25: Hypertensive disorders of pregnancy

CHAPTER 25
Hypertensive disorders of pregnancy


Andrei Rebarber


Mount Sinai St. Luke’s and Mount Sinai West, Mount Sinai Beth Israel, The Mount Sinai Hospital, Obstetrics, Gynecology and Reproductive Sciences, New York, NY, USA


Background


Hypertensive disorders of pregnancy have plague humanity throughout its history based upon multiple historical accounts, however, it was only in the later part of the nineteenth century with the introduction of the ability to measure blood pressure that the constellation of symptoms was link to elevation of blood pressure. Current clinical management schemes have determined that hypertensive disorders of pregnancy can be broken down into four main categories of disease states: pre‐eclampsia/eclampsia, gestational hypertension, chronic hypertension, and superimposed pre‐eclampsia on preexisting hypertension.


Pre‐eclampsia is a multi‐system disorder characterized by the new onset of hypertension and proteinuria and/or end‐organ dysfunction after 20 weeks in a patient who was previously noted to be normotensive. Patients diagnosed with this condition are at increased risk for maternal and/or fetal mortality or serious morbidity. Patients often present with symptoms of persistent headaches, visual changes, peripheral edema of upper and lower extremities, and possible right upper quadrant pain. Current criteria for the diagnosis of pre‐eclampsia involves the association of sustained hypertensive blood pressure associated with thrombocytopenia, altered liver function, the new development of renal insufficiency, pulmonary edema, or new onset cerebral or visual changes. Pre‐eclampsia can be diagnosis with and without severe features and terminology such as “mild pre‐eclampsia” should no longer be used in clinical practice (Table 25.1). It is important to note that recent American College of Obstetricians and Gynecologists (ACOG) criteria [1] for the diagnosis of severe disease has removed proteinuria as an essential feature. Additionally, other notable changes include that fact that they have removed proteinuria >5 g day−1 and fetal growth restriction as criteria for the diagnosis of severe disease. Finally, oliguria is no longer used as a factor indicative of severe pre‐eclampsia.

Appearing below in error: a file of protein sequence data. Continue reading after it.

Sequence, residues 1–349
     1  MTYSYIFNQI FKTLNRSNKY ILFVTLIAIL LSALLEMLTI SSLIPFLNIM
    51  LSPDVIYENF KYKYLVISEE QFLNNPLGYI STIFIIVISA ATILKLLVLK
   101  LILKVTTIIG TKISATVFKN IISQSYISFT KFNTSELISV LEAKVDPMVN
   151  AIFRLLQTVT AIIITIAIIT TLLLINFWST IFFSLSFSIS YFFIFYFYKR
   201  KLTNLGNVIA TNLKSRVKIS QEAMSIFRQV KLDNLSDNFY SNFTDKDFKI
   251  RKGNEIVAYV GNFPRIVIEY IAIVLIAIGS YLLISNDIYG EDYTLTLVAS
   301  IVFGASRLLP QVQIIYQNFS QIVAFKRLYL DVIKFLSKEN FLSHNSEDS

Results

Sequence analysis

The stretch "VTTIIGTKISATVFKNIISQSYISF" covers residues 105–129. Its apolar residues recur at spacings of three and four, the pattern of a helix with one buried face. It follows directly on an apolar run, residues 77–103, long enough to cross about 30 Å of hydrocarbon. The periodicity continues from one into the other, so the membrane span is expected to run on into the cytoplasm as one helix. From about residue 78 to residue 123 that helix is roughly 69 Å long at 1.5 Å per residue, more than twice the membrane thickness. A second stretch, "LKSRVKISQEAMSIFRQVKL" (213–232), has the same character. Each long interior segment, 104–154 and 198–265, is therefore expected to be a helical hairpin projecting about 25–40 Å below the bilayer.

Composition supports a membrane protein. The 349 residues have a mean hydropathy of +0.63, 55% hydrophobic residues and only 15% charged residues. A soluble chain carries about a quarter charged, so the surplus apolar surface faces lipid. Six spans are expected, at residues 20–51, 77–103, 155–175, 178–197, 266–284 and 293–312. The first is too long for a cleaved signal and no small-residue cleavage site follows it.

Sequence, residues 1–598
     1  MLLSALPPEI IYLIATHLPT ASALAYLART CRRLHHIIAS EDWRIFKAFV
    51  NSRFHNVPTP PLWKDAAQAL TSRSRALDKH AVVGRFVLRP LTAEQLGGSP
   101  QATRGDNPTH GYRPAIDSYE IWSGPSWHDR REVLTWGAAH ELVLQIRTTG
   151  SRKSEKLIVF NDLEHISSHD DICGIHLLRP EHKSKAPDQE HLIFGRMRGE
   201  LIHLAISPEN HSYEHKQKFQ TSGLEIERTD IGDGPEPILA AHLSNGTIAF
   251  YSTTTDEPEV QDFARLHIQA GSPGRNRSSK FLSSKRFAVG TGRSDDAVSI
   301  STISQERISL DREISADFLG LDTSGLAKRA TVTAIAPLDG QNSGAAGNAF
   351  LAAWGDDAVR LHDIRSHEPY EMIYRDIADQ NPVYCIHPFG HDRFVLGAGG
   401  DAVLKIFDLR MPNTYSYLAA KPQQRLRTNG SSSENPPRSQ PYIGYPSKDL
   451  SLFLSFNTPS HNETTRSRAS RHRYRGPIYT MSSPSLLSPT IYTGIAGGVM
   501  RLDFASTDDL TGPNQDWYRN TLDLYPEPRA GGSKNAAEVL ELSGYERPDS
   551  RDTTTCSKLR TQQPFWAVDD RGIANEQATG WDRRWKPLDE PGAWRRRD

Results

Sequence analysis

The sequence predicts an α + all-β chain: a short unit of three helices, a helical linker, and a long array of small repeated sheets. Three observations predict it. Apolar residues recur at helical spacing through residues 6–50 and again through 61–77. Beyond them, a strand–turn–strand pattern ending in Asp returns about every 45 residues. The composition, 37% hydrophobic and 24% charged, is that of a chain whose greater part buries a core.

Table 25.1 Criteria for the diagnosis of pre‐eclampsia



























Systolic blood pressure ≥ 140 mmHg or diastolic blood pressure ≥ 90 mmHg on two occasions at least four hours apart after 20 weeks of gestation in
a previously normotensive patient
If systolic blood pressure is ≥160 mmHg or diastolic blood pressure is ≥110 mmHg, confirmation within minutes is sufficient
And
Proteinuria ≥ 0.3 g in a 24‐h urine specimen or protein (mg dl−1)/creatinine (mg dl−1) ratio ≥ 0.3
Dipstick ≥1+ if a quantitative measurement is unavailable
In patients with new‐onset hypertension without proteinuria, the new onset of any of the following is diagnostic of pre‐eclampsia:
Platelet count <100 000/μl
Serum creatinine > 1.1 mg dl−1 or doubling of serum creatinine in the absence of other renal disease
Liver transaminases at least twice the normal concentrations
Pulmonary edema
Cerebral or visual symptoms

Severe features of pre‐eclampsia includes any of these findings:



  • Systolic blood pressure of 160 mmHg or higher, or diastolic blood pressure of 110 mmHg or higher on two occasions at least four hours apart while the patient is on bed rest (unless antihypertensive therapy is initiated before this time)
  • Thrombocytopenia (platelets < 100 000/μl
  • Impaired liver function as indicated by abnormally elevated blood concentrations of liver enzymes (to twice normal concentration), severe persistent right upper quadrant or epigastric pain unresponsive to medication and not accounted for by alternative diagnosis, or both
  • Progressive renal insufficiency (Serum creatinine concentration > 1.1 mg dl −1 or a doubling of the serum creatinine concentration in the absence of other renal disease)
  • Pulmonary edema
  • New onset cerebral or visual disturbances